Harvard is often perceived as a place for the smartest and most privileged people in the world. And yet “Nearly half of the Harvard College student body felt depressed during the last academic year and almost 10 percent of undergraduates reported that they had considered suicide”.
Recently I've come across numerous pieces dealing with mental health in males particularly (thanks to Lachlan for the link), student depression from pressure, and more and more people we often idealise as being at the top of their game are opening up about their darkest experiences (from authors Matt Haig and Tim Ferriss).
At the same time there is a common thread running parallel which may not be unrelated. That is, feminist and other perspectives on privilege. I’m not arguing that feminist perspectives are wrong, but there is an element of them I think is damaging. The two things are incompatible and I don’t have an answer to resolve the conflict.
Social identity theory - Our group is diverse and of this mind, seeing the good qualities. The Other group is all like that.
This term from psychology is applied to numerous contexts, most obviously when We identify as individuals with agency and see Them as an enemy. This is natural, and simplifies practices in sociology, but the same principle can also be beneficial in propaganda during war. The ability to identify groups is useful in some contexts. But maybe we can reevaluate how do we perceive the privileged.
White people, males, and those at university are not only perceived to be privileged by the community at large, but by themselves as well. Goal focused people, people with hope for prosperity are driven. But what happens when it all goes to shit, when they can’t realise their dream?
It turned out that people who had more of these self-focused hopeful thoughts were much more likely to try and kill themselves.
“I’m never going to achieve those goals.”
“I start losing confidence after winning in the game of academics for so long.”
“If I fuck up uni I’ve wasted so much time and money.”
We map our views in relation to the rest of the world. At its simplest, if our belief is that university is unlikely to be an option and you get in that’s a remarkable achievement, and if you don’t, no dramas. But on the other hand if it’s expected you will get in and you don’t it can be devastating.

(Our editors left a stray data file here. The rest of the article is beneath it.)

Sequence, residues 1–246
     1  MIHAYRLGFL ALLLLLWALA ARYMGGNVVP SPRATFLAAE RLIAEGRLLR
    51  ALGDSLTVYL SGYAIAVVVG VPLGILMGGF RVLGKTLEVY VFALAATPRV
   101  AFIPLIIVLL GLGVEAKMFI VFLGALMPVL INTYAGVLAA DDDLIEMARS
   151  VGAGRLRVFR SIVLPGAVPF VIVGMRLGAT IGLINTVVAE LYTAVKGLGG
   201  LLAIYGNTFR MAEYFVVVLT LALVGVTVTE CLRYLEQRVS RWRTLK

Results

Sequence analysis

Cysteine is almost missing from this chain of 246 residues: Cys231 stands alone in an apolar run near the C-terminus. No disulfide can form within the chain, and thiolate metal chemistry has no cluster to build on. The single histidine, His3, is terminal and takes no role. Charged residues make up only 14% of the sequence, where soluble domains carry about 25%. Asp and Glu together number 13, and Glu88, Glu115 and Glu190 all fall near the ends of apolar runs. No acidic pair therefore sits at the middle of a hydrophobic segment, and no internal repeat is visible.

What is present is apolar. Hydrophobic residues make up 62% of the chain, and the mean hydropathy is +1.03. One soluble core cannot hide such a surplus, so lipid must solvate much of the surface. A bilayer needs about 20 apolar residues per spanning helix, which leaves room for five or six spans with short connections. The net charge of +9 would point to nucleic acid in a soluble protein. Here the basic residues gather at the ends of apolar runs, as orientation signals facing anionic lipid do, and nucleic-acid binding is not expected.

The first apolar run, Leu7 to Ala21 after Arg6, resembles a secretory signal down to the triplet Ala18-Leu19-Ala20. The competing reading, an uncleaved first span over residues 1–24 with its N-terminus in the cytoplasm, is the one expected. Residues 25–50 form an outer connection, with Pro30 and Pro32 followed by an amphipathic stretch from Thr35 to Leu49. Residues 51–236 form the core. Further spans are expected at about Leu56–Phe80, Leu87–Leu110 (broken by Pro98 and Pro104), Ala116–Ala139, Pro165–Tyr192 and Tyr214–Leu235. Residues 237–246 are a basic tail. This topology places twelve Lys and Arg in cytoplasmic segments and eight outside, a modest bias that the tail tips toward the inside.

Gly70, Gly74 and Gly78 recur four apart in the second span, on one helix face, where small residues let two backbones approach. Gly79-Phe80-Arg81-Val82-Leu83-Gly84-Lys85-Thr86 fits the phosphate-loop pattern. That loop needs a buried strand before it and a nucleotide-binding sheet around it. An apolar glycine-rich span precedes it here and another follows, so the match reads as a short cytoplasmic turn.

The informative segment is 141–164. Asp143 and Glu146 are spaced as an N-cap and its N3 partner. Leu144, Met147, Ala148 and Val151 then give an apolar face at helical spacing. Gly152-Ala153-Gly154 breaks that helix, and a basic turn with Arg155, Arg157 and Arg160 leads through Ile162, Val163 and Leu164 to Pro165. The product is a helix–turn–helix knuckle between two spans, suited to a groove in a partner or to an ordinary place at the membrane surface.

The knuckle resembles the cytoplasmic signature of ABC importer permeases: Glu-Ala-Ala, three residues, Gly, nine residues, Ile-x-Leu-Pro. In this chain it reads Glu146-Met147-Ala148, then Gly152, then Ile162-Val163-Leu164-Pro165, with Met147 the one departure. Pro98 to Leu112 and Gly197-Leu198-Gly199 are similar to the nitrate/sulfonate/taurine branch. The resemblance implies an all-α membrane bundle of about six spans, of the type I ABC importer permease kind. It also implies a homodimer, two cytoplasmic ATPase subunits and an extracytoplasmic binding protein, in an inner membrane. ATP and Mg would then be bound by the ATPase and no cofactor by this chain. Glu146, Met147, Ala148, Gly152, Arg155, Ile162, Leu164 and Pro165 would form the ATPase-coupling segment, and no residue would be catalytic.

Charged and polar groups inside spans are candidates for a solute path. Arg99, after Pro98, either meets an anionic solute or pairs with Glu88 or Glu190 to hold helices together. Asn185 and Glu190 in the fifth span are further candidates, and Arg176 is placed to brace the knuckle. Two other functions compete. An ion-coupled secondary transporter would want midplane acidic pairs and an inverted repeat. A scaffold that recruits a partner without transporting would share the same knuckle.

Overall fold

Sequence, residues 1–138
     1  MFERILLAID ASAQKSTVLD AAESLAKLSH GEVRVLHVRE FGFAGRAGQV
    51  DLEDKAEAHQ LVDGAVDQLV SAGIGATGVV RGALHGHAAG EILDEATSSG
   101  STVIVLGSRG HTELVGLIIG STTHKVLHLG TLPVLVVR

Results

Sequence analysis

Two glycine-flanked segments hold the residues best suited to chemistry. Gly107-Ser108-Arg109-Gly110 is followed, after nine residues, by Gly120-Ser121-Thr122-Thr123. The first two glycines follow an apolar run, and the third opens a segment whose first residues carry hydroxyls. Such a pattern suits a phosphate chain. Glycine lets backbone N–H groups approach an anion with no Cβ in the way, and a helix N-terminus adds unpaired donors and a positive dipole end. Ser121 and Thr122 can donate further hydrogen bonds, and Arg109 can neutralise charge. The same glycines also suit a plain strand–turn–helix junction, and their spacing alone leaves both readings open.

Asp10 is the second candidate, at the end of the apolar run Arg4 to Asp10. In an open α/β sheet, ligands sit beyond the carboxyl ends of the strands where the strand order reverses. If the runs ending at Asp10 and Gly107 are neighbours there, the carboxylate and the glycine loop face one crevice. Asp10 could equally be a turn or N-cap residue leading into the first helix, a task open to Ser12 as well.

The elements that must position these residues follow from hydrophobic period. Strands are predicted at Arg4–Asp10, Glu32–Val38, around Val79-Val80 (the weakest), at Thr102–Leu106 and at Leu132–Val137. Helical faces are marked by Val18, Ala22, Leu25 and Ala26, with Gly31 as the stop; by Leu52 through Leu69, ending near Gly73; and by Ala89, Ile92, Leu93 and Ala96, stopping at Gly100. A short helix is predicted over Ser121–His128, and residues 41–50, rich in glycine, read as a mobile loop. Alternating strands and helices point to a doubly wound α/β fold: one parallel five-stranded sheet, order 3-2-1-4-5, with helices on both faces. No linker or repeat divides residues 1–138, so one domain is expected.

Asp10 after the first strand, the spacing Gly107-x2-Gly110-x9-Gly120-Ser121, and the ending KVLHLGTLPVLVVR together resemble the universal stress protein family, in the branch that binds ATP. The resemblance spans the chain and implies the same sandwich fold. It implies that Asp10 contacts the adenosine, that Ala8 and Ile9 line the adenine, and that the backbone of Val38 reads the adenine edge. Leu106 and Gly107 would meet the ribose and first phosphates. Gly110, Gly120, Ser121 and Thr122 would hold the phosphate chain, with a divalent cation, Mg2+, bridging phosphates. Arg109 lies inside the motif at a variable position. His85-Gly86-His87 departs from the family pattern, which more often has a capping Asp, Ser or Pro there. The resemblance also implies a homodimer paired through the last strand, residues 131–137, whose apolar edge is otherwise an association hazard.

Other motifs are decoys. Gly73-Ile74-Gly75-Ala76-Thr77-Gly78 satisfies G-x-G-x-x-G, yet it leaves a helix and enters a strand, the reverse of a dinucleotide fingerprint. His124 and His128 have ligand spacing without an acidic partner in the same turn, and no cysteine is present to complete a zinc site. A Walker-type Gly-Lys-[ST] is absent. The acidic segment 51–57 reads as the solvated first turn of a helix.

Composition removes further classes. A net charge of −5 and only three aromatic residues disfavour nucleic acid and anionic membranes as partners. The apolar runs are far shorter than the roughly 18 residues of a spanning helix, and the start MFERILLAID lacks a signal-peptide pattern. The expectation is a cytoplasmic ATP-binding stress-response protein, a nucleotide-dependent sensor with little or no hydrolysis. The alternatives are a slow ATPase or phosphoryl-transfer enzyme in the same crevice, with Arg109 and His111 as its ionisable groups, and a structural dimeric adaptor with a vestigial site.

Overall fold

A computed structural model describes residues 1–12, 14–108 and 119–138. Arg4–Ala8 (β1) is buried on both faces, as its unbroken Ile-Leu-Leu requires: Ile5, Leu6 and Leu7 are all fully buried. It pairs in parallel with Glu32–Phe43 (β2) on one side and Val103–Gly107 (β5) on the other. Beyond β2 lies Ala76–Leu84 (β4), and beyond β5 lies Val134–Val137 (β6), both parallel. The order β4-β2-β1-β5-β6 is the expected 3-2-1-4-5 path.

The recognition of the problem may be enough to grasp perspective on the pressure an individual takes on. We certainly cannot blame society or feminism and detract from their intended outcomes, but in understanding their impacts on an individual level, perhaps we can make sense of why mental health issues are becoming more and more prevalent.
For support in Australia there is Beyond Blue and Lifeline. In addition there is also an emergency service called SOS, 4780 8100 to assist in quickly making appointments within 24 to 72 hours.
MoodGym is an online service that delivers many of the same ideas as CBT in an online platform. The platform is maintained and run through ANU, and has translations into other languages.
Further reading for the geeks.
The pressure is perhaps more extreme in South Korea than anywhere else in the world. What once were provincial areas are now very competitive achievement-focused societies. The expectation is that you become respected, popular, and highly sought after. What comes with this is unusually high expectations of yourself, which your self-esteem then relies on. The massive growth in South Korea has resulted also in a massive change in mental health problems in the country.
A place with more research and history into the subject is Japan. Both Korea and Japan have an all together different approach to the issues from the West, but the underlying problems is the same - pressure. And the outcomes differ from the west dramatically though.
What may now be seen as part of the past in rituals like hara-kiri or kamikaze, still have an impact on the culture. In Japanese and Korean the term human-being is more like human-in-between, which permeates the whole culture. Coming from ideas of yin-yan or in-yo, the concept of death is very different from views in the west.
What this means is that in Japan it is still appropriate for a senior to “go down with the ship” or commit suicide when a company fails. Honour in suicide is something still hard to relate to.
Japanese (from Chinese) talk of heaven, earth and the person all being connected. They do no differentiate in the same way as the West, which further alludes to the fact that our way of disseminating certain information is explicitly cultural.
Volume 3 of Bansenshukai, Senshin, “the correct mind”, highlights this very clearly,
once you are born, there is nothing better than leaving this world and this is even more true for the mean and poor of this life, which of course, goes without saying.
Those who are not aware that you will be at ease tend to worry about it and mourn death - how uneducated they are.
The cultural differences are fascinating. Yet is interesting to see that perceived privilege, responsibility and pressure are underlying causes for mental health issues universally.